Driving from despair in a VW van

Independent art films seem to have this remarkable ability to shake up whomever is watching. That is, whoever actually understands what they are watching.

Independent art films seem to have this remarkable ability to shake up whomever is watching. That is, whoever actually understands what they are watching. Often, these films deal with complex emotions and situations, but frame them in the abstract, making it difficult for the average viewer (read: anyone who doesn’t quite comprehend the abstract) to follow along. In the cruelest irony for the filmmaker, it is often the art itself that makes the film less approachable.

Yet, for as many of these types of films that exist, there are just as many independent art films that are emotionally complex and still comprehendible for the average person. Enter Bass Ackwards from director Linas Phillips—a film that carries just as much weight in the road movie genre as it does as an artistic piece of cinematography.

The film follows Linas, an aspiring filmmaker with no real job and no real life. After he finds an old beat up 1976 Volkswagen van, is kicked off his friend’s couch and rejected by his married lover, Linas decides to drive from Seattle to his parent’s house on the east coast to regroup.

From the beginning, it’s clear that Linas is supposed to be the likeable loser. On the one hand, the guy is a loser. He is jobless, homeless, and in love with a married woman. But on the other hand, there’s a distinct problem with this: He’s not all that likeable. Don’t get me wrong, he’s certainly pitiable, but he seems creepily detached from life, which makes it difficult to actually like the guy.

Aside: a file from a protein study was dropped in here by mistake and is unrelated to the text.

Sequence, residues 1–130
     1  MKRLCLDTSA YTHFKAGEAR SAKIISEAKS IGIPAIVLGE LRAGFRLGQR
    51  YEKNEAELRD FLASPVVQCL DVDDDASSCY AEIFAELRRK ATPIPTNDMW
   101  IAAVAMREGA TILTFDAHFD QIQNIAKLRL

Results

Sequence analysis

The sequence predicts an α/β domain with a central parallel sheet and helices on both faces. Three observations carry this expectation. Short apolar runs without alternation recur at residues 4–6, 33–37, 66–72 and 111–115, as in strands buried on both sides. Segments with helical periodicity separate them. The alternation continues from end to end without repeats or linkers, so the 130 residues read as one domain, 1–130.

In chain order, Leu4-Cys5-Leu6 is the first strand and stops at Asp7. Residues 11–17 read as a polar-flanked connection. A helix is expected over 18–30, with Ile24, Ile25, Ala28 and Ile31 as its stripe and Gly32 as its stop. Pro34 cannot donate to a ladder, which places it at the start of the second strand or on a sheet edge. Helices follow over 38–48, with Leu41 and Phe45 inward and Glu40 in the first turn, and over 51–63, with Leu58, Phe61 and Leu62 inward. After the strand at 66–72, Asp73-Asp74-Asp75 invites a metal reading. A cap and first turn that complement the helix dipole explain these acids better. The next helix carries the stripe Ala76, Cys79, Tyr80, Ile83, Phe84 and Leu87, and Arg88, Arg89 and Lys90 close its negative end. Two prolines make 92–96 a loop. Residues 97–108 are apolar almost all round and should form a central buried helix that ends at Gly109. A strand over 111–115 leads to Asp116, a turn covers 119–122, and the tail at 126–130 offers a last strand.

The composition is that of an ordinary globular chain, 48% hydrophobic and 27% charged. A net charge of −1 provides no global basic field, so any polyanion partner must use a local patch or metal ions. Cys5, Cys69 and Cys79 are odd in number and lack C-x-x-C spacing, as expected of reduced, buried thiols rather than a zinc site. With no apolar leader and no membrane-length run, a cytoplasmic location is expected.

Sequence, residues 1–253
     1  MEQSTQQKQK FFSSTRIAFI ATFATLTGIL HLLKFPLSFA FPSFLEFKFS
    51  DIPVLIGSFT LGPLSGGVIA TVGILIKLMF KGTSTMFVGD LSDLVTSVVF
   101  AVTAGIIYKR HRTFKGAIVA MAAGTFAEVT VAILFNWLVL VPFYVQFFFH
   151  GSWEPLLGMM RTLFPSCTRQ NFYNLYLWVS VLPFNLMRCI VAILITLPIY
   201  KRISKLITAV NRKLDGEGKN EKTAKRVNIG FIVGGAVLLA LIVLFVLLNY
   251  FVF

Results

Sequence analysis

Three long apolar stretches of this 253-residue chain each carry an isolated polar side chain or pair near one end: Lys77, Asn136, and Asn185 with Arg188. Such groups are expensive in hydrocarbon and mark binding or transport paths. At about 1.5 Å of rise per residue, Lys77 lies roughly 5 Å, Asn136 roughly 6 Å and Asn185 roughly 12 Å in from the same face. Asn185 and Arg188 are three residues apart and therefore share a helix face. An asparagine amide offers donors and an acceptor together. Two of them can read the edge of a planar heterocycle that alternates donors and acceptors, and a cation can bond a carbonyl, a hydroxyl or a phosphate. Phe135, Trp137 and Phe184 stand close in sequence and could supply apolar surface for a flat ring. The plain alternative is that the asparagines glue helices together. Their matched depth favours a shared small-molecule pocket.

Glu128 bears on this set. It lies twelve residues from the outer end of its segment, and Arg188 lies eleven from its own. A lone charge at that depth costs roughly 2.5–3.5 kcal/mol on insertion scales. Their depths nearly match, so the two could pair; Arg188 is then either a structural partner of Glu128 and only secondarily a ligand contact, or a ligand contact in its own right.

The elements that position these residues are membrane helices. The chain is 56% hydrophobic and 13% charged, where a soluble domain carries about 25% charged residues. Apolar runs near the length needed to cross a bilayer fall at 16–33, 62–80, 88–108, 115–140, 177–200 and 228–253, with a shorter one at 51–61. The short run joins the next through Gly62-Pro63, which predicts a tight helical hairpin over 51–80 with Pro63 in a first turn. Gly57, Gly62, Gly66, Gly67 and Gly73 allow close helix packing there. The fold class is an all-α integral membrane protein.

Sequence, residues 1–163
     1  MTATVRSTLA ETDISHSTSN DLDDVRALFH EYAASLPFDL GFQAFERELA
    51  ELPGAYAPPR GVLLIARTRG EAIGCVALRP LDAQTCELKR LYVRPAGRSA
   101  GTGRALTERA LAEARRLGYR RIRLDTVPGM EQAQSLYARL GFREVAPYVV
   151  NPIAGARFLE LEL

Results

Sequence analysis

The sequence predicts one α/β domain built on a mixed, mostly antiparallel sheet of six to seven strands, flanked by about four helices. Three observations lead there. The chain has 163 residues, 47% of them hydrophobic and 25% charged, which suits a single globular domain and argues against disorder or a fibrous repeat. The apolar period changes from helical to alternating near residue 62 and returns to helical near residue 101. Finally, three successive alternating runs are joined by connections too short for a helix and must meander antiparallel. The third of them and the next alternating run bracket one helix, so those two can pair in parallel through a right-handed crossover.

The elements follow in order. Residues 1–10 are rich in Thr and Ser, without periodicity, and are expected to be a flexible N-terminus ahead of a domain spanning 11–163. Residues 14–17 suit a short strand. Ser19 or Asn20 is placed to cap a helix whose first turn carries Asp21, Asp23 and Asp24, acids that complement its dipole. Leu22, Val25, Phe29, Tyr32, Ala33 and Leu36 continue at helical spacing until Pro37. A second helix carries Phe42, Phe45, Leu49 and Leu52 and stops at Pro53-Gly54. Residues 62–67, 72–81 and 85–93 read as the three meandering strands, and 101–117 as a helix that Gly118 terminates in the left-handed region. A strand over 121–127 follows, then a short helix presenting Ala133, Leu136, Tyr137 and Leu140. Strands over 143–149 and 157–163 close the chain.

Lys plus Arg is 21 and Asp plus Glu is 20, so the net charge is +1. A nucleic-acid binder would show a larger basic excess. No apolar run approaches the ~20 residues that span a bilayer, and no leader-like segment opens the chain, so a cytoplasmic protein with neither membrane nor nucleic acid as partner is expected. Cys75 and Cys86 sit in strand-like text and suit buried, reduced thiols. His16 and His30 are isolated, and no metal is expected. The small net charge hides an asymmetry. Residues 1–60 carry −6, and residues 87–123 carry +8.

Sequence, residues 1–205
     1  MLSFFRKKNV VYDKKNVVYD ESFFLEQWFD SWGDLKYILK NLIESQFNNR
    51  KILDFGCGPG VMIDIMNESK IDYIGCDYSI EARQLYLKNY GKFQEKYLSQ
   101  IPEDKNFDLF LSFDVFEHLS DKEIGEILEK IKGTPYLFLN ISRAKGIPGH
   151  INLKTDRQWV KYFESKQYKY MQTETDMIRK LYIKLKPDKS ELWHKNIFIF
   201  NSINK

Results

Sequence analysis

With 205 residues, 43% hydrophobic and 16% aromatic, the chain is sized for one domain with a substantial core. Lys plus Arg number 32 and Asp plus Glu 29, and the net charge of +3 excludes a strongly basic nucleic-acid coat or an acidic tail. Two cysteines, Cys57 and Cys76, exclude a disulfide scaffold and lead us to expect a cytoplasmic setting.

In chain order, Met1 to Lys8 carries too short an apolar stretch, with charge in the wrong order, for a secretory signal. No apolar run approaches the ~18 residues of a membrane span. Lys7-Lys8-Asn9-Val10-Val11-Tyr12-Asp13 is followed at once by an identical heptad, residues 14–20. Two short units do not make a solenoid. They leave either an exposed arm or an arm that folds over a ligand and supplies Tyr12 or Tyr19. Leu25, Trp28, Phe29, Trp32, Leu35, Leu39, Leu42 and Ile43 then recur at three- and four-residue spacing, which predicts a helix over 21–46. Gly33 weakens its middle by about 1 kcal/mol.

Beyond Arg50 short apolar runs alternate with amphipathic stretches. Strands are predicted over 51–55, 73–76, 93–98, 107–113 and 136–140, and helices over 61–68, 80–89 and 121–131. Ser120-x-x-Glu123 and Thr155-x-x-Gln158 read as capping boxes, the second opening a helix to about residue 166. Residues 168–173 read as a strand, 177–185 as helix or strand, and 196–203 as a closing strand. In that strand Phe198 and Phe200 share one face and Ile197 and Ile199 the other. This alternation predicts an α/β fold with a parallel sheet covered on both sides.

Part of the problem may be that there are a few unnecessary shots. We see Linas moving in and out of hotel rooms, getting splashed in the face with a packet of creamer he opens for coffee, driving by a dead animal, etc. The purpose of these clips, I’m sure, is to show just how pathetic Linas’ situation is so that the transformation that happens later (because there has to be one, or there would be no movie) is all the more powerful. But the short scenes fall flat and in the end they leave the viewer shaking his or her head, wondering why he or she just saw them.

As the plot progresses, it’s almost like Linas is coming of age. Over the course of his travels, he learns how to make the most of his situation (and to move on with his life) through the people he encounters. Whether it is Jim (a man more pathetic than Linas, but somewhat content with his situation), Vic (the gas station attendant who lost a daughter and is, as he puts it, “okay”) or Alex (a child he buys beef jerky for at a gas station), Linas ultimately learns that he can move on from grief.

One of the key moments in this process, and probably the most brilliant line in the film comes when Vic is talking about how he dealt with the loss of his daughter. He says, “It’s like there’s a thousand little knives just stuck in your gut and they just stay there, you know, until something distracts you.”

With moving and ultimately real dialogue like this, this film is downright believable. While Linas may be on the creepy side, he’s a real guy that could be anyone. And it’s that knowledge that has the ability to shake up the viewer, giving everyone (unless you’re some cyborg who can’t feel) something they can relate to.